Former University of Maryland head basketball coach Gary Williams entertained a sell-out crowd of more than 400 commercial real estate professionals at the NAIOP Maryland annual Holiday Luncheon, held at Four Seasons Baltimore telling the audience, “I was always described as a player with a big heart and who always hustled. That is typically the description of someone that cannot shoot.” Ashley Powell, chairman of NAIOP who works for Bentall Kennedy in San Francisco, also addressed the crowd, as did Brendan Gill, President of NAIOP Maryland.
Williams began his speech by describing the winning shot that enabled the University of Maryland to defeat the University of Connecticut in an NCAA tournament game, which propelled the team to the Final Four and the school’s first National Championship in basketball. Williams designed one play but, in the huddle, point guard Steve Blake (who did not have a basket all game at that point) changed it to a sequence in which Blake would shoot the ball. “He shot a knuckleball,” Williams said. “It hit the glass, then the rim, then the glass and finally the rim and went in. We won the game. A reporter after the game complimented me on drawing up a great play. I thanked him and said I knew Blake was due to make one.”
Williams traced his coaching career which began in high school, progressed to college in which he was tricked into also coaching the men’s soccer program, and then to Division I universities such as Boston College, The Ohio State University and finally the University of Maryland. He spoke with emotion when recalling the recruitment of Juan Dixon and, most recently, how Dixon re-connected with the father he never knew. While coaching the basketball team at American University, Williams submitted to a research test that hooked him up to electrodes that tracked his brain waves and heart rate while coaching a game.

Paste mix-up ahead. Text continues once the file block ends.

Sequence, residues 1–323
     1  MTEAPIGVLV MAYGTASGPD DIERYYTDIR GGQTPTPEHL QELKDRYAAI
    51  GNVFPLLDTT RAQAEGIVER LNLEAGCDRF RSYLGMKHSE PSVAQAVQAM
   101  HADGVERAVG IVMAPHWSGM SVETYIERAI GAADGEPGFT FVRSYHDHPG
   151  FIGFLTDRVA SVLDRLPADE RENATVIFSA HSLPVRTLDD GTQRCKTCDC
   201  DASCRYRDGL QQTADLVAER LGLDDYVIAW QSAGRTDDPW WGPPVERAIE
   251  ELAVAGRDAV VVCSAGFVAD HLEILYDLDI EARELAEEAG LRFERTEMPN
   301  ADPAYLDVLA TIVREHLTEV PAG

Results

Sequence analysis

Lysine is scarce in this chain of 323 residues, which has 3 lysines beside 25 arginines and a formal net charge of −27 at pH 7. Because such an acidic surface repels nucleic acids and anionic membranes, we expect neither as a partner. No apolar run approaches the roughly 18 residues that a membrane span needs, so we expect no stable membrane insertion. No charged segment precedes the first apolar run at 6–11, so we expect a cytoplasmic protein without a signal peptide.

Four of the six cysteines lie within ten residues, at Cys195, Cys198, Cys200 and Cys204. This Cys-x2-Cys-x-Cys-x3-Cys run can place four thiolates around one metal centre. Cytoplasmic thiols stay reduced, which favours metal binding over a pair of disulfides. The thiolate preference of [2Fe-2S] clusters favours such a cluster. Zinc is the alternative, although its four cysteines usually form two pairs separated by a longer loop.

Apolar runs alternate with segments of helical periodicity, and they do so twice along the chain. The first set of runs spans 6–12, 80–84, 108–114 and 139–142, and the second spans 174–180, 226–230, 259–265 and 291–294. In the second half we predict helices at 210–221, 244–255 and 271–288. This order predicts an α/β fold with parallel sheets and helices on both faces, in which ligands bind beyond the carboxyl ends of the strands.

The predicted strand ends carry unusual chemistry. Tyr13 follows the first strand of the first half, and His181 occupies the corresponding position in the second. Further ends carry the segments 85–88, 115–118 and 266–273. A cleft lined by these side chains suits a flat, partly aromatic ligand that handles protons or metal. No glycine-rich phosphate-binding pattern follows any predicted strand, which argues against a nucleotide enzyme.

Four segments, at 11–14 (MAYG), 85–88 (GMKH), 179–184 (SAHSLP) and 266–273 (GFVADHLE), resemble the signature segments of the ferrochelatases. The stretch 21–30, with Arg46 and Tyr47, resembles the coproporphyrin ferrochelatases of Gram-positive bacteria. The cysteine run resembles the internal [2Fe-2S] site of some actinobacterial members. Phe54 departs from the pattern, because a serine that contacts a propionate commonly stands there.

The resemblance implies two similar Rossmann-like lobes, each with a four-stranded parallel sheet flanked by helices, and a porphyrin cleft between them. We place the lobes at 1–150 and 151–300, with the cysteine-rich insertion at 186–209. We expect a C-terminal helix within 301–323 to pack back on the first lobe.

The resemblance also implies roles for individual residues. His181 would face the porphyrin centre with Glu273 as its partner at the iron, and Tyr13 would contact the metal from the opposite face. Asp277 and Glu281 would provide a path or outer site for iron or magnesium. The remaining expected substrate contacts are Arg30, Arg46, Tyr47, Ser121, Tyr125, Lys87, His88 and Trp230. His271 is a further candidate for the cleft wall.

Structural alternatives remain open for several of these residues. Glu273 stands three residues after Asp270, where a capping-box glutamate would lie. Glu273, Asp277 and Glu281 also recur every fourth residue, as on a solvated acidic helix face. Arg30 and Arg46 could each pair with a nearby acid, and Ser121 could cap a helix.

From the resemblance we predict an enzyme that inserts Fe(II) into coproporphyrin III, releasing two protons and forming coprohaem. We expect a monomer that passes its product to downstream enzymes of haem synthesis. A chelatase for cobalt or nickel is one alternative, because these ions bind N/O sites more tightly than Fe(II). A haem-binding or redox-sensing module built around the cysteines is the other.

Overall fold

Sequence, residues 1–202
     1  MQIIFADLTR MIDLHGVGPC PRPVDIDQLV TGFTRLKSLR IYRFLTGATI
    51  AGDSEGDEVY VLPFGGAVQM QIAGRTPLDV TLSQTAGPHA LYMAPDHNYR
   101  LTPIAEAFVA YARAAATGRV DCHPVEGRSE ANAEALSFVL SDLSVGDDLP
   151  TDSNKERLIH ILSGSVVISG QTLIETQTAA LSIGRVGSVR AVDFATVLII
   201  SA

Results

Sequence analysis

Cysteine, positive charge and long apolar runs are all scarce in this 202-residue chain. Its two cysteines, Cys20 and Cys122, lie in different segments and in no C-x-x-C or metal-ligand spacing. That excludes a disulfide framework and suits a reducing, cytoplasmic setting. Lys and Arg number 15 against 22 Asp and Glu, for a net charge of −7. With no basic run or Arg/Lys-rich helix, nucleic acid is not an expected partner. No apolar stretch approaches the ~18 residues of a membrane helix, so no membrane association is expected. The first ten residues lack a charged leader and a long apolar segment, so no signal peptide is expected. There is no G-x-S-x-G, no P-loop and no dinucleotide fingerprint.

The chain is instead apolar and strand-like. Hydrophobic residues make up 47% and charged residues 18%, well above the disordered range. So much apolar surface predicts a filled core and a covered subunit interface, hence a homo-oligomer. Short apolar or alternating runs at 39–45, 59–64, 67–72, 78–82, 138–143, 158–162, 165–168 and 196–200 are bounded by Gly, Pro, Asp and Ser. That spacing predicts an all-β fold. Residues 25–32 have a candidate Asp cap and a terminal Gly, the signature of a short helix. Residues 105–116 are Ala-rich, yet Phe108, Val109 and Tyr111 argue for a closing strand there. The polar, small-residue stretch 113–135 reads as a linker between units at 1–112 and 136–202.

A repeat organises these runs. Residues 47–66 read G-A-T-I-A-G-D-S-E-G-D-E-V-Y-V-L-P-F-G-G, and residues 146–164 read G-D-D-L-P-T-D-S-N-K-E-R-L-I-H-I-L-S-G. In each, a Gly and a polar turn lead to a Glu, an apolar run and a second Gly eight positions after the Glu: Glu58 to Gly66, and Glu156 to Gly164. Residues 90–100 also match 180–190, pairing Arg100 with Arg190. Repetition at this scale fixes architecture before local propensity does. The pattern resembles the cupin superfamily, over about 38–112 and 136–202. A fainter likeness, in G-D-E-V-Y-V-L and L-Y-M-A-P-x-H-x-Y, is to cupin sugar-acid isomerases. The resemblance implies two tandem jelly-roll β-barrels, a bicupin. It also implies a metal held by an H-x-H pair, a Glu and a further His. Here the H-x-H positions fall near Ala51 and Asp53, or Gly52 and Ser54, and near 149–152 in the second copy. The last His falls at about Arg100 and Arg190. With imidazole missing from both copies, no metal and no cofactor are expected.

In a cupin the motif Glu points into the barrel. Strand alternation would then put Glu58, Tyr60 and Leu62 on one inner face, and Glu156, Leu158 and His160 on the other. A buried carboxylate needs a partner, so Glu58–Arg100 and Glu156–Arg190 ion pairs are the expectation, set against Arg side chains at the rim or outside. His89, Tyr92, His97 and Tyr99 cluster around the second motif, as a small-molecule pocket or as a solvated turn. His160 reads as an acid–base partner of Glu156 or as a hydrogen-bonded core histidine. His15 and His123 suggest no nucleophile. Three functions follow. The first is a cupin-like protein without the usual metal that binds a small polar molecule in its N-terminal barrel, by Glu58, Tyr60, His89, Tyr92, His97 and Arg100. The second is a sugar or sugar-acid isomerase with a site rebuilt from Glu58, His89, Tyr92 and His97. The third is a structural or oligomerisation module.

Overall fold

“How did I do?” he asked after the experiment. “You don’t want to know,” came the reply. “Funny,” he said. “I was always very calm in the locker room before the game. As soon as the ball was tossed up to start the game, I was soaked. I don’t know what happens.”
Brendan Gill provided a recap of 2016 NAIOP Maryland activities which included the execution of twenty different events, which were attended by nearly 2000 professionals. The commercial real estate association now has more than 390 members, which is the largest in its history. “Our Legislative Committee also reviewed or provided testimony on more than 500 bills last year,” he said.